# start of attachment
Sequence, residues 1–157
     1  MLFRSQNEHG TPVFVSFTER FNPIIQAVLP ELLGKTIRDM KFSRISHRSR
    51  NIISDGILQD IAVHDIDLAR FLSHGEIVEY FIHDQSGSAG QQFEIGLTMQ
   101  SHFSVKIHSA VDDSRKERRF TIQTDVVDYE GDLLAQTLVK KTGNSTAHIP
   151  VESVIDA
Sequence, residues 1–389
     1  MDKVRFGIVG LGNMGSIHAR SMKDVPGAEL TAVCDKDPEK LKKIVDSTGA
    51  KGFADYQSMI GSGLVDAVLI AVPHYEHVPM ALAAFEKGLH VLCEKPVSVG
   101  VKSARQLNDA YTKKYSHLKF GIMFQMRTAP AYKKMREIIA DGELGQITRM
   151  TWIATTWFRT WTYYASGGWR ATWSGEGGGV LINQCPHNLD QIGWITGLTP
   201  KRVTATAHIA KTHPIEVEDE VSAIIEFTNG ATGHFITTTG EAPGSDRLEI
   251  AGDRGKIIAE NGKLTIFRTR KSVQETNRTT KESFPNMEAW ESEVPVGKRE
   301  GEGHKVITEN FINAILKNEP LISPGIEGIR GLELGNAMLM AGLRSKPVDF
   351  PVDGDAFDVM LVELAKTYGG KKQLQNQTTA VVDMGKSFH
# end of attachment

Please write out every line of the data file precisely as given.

Sequence, residues 1–157
     1  MLFRSQNEHG TPVFVSFTER FNPIIQAVLP ELLGKTIRDM KFSRISHRSR
    51  NIISDGILQD IAVHDIDLAR FLSHGEIVEY FIHDQSGSAG QQFEIGLTMQ
   101  SHFSVKIHSA VDDSRKERRF TIQTDVVDYE GDLLAQTLVK KTGNSTAHIP
   151  VESVIDA
Sequence, residues 1–389
     1  MDKVRFGIVG LGNMGSIHAR SMKDVPGAEL TAVCDKDPEK LKKIVDSTGA
    51  KGFADYQSMI GSGLVDAVLI AVPHYEHVPM ALAAFEKGLH VLCEKPVSVG
   101  VKSARQLNDA YTKKYSHLKF GIMFQMRTAP AYKKMREIIA DGELGQITRM
   151  TWIATTWFRT WTYYASGGWR ATWSGEGGGV LINQCPHNLD QIGWITGLTP
   201  KRVTATAHIA KTHPIEVEDE VSAIIEFTNG ATGHFITTTG EAPGSDRLEI
   251  AGDRGKIIAE NGKLTIFRTR KSVQETNRTT KESFPNMEAW ESEVPVGKRE
   301  GEGHKVITEN FINAILKNEP LISPGIEGIR GLELGNAMLM AGLRSKPVDF
   351  PVDGDAFDVM LVELAKTYGG KKQLQNQTTA VVDMGKSFH